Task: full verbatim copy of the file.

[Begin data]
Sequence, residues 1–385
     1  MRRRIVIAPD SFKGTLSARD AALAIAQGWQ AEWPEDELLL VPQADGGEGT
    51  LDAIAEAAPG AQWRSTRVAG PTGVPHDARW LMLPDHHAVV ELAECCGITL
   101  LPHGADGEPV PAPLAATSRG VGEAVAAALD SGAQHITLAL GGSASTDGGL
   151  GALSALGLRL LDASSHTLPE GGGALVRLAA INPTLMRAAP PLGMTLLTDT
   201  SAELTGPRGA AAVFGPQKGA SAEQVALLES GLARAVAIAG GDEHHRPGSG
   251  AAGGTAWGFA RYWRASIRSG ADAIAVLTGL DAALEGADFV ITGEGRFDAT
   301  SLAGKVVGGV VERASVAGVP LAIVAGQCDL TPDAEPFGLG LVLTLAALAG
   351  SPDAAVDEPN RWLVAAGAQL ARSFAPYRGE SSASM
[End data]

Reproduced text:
Sequence, residues 1–385
     1  MRRRIVIAPD SFKGTLSARD AALAIAQGWQ AEWPEDELLL VPQADGGEGT
    51  LDAIAEAAPG AQWRSTRVAG PTGVPHDARW LMLPDHHAVV ELAECCGITL
   101  LPHGADGEPV PAPLAATSRG VGEAVAAALD SGAQHITLAL GGSASTDGGL
   151  GALSALGLRL LDASSHTLPE GGGALVRLAA INPTLMRAAP PLGMTLLTDT
   201  SAELTGPRGA AAVFGPQKGA SAEQVALLES GLARAVAIAG GDEHHRPGSG
   251  AAGGTAWGFA RYWRASIRSG ADAIAVLTGL DAALEGADFV ITGEGRFDAT
   301  SLAGKVVGGV VERASVAGVP LAIVAGQCDL TPDAEPFGLG LVLTLAALAG
   351  SPDAAVDEPN RWLVAAGAQL ARSFAPYRGE SSASM